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Lord Brooke of Sutton Mandeville: My Lords, I am grateful, as ever, to the Minister for the courtesy of her reply. I like the concept of the noble Baroness, Lady Thornton, handing over a baton to me. It is implicit in

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the noble Baroness's image that neither of us drop it. I give back an image to the Minister if I am right and she is wrong. Debt enforcement by local authorities is frequently done by bailiffs, as all Members of another place know, because they are the ones on whom the complaints are visited, from the people who are called on to recover council tax which they have already paid, or whatever. Given the description of the pattern of behaviour by some bailiffs, I like the idea of bailiffs and licensees clashing in the middle of the West End.

However, if that becomes as normal as the Minister suggests, I can foresee it. I am certain that not only I, but also local authorities in central London and the Local Government Association will read carefully what the Minister has now said twice. The noble Lord, Lord McIntosh, knows how important it would be to have the opportunity to say it three times. For the time being, in the certainty that the issue will be returned to in another place, I beg leave to withdraw the amendment.

Amendment, by leave, withdrawn.

Clause 90 [Fees]:

[Amendments Nos. 7 and 8 not moved.]

Clause 105 [Counter notice where permitted limits exceeded]:

Baroness Buscombe moved Amendment No. 9:

    Page 59, line 40, at end insert—

"( ) are not in respect of a village hall, church hall, parish hall, community centre or similar community building."

The noble Baroness said: My Lords, Amendment No. 9 seeks to allow certain categories of premises to be exempt from restrictions on the number of temporary events it holds during one year. On Report I tabled a similar amendment. I wanted to see village halls exempt from being restricted to five temporary events a year. The thrust of that previous amendment was to make sure that the thriving community life centred around the village hall was not constrained or, perhaps, strangled by limiting temporary events. I commented that village halls,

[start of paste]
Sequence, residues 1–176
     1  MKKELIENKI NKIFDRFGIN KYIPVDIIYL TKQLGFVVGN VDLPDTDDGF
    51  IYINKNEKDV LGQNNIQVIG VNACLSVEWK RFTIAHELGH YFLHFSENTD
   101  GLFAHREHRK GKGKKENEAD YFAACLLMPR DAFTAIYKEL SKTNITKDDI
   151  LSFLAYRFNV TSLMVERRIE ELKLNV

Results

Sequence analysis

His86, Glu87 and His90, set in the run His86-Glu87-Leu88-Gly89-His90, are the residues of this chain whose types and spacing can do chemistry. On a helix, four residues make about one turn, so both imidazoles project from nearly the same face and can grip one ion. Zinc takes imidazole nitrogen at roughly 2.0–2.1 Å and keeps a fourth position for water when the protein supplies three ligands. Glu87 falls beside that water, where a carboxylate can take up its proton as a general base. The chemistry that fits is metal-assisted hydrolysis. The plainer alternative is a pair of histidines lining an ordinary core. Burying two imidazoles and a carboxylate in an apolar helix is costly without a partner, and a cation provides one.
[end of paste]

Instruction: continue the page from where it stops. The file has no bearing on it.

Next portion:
"will have neither the time nor, necessarily, the expertise to apply for a premises licence. Village hall funds are already modest. The cost of preparing the application for a premises licence and the fees would consume a significant part of their income. As the Bill is currently drafted, village halls will have to stick to five events a year and that would be an absolute disaster".—[Official Report, 27/2/03; col.493.]

The noble Lord, Lord McIntosh of Haringey, responded with a particular point: how can we distinguish between village halls and other community centres? On reflection, the noble Lord has a valid point. Today, therefore, I speak to an amendment which seeks to allow community halls, parish halls and such like the freedom to hold as many temporary events as they wish. The noble Lord claimed that that would in effect,

    "allow widespread circumvention of the licensing laws".—[Official Report, 27/2/03; col. 494.]

I firmly believe that is not the case. If community halls want to hold regular events involving entertainment and the sale of alcohol they will not want to have to apply for an application every single time.